Ghana Parliament approves GH¢3.7b for Defence Ministry
Of the total figure, an amount of GH¢3.0 billion representing 80.53 per cent will be provided for compensation, GH¢61.90 million being 1.65 per cent for goods and services and GH¢666.83 million representing 17.82 per cent for capital expenditure.
During the 2022 fiscal year, the Ministry was allocated an amount of GH¢2.2 billion, which was revised to GH¢2.00 for its planned programmes and activities.
The revised allocation comprised of GH¢1.45 billion for compensation of employees (CoE), GH¢29.41 million for goods and services, GH¢141.77 million for Capital Expenditure (CAPEX) and GH¢29.90 million for Internally Generated Funds (IGFs).
With regards to performance outlook for 2023, the Ministry of Defence plans to undertake programmes and activities such as continue implementation of the “Earned Dollar Policy”.
Thus, the Ministry will contribute troops and equipment towards international peacekeeping efforts based on the invitation of the United Nations Peacekeeping Mission to strengthen Ghana’s role in international affairs.
The Ministry will apprise the Committee on the modernization and transformation of the Military Academy Training Schools at Teshie expected to be completed in 2023.
Mr Dominic Bingab Aduna Nitiwul, the Minister of Defence moved the Motion for the approval of the Ministry’s Budgetary Estimate.
Mr Ken Ohene Agyepong, the Chairman, Parliamentary Select Committee on Defence and Interior, and New Patriotic Party (NPP) Member of Parliament for Assin Central, who seconded the Motion, said the Committee observed that critical requirements of the agencies under the Ministry were not considered during the allocations of the estimates budget.
He mentioned some of the critical requirements for the Ministry and its agencies such as aircraft, ships, vehicles, residential accommodation, communication and surveillance tools including drones and military handsets.
He said the Committee was of the view that some of the equipment when purchased would enhance the Military’s chance of participating in the UN Peacekeeping Mission that would be of financial benefit to the State.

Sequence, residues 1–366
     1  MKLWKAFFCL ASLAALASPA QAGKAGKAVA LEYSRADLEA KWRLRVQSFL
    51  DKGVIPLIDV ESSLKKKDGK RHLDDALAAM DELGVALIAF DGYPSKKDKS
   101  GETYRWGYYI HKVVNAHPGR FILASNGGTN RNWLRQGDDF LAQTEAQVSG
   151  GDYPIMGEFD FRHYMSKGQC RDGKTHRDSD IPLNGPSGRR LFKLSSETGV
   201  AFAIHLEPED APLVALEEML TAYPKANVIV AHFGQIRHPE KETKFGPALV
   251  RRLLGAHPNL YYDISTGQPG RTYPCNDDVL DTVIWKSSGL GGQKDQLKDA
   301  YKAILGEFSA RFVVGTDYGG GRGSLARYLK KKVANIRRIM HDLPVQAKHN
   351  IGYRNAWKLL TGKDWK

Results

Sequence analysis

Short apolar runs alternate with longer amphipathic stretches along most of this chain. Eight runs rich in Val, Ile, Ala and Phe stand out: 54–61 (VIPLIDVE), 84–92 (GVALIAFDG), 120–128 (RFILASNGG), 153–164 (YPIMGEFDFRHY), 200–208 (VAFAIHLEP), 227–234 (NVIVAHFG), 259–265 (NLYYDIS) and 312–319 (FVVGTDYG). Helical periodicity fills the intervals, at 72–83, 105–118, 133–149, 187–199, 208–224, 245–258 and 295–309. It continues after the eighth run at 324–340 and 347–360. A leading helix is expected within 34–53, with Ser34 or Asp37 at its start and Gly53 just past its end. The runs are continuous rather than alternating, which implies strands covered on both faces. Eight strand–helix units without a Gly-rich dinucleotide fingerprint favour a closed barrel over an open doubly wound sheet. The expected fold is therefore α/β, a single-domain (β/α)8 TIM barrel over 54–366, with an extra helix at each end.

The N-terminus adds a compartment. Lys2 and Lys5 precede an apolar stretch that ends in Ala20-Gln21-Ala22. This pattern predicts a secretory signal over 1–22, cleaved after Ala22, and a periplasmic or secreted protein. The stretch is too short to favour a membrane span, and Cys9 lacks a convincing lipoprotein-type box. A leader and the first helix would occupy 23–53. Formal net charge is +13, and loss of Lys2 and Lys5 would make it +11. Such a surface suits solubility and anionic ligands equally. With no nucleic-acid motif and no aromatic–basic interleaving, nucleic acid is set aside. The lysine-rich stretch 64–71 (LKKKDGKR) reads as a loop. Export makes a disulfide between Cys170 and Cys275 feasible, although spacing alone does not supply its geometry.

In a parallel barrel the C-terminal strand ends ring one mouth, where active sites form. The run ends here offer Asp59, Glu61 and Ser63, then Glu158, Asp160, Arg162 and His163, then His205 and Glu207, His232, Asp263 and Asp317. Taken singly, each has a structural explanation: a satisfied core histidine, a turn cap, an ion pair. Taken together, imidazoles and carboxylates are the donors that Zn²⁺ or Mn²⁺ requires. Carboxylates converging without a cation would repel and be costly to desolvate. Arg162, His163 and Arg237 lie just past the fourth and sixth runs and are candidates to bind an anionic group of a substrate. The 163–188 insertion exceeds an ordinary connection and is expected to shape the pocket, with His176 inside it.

“The Committee, therefore, recommended that the Government should make effort in procuring some of these equipment.”
He said it came to the attention of the Committee that the Government’s decision to hand over the Saglemi Housing project to the Ministry of Defence could materialize because of the high cost of investment to complement.
Mr James Agalga, Ranking Member, Parliamentary Select Committee on Defence and Interior, and National Democratic Congress (NDC) MP for Bulsa North, said the Committee was excited by the initial decision of the Government to hand over the Saglemi Housing Project to the Military because its locations was near the Bondase Military Training Facility.
He said when the initial decision was taken by the Government, it was their view that the nation would have the Military now living next door to their training camp, which makes it easy for mobilisation of the Military to and fro the Housing Project.
He said subsequent to that they heard in the news, claims made by the Minister of Works and Housing to the effect that the decision and they were now looking forward to handing over that project to a private developer.
“Mr Speaker with the greatest respect and in the interest of security, and to ensure that the accommodation challenges facing the Armed Forces is resolved, we are making a direct appeal through this media to the Government to reconsider its decision and return to the original decision, which was to have the Armed Forces take over the Saglemi Housing,” Mr Agalga said.
Mr Alban Bagbin, the Speaker of Parliament in his remarks reminded the Minister of Defence that there were three “S” that one could not toy with in any country – “Safety, Security and Stability”, and noted that the Safety and Security of the individual, the community and the country could not be toyed with.
“My checks from the Ministry and the Controller and Accountant General’s Department, clearly indicated to me, that the security agencies are one of the priority areas of Government,” he said
“But this is not what is reflected in the performance of 2022; it is sad, when I really read and saw that approximately 81.00 per cent of the budget on goods and services have not been released to the Ministry of Defence. In this current situation, how do expect them to operate?”
The Speaker urged the House (which has the oversight responsibility over the Ministries, Departments and Agencies) to ensure that going forward, the budgetary allocations to the Ministry of Defence were released by the Ministry of Finance.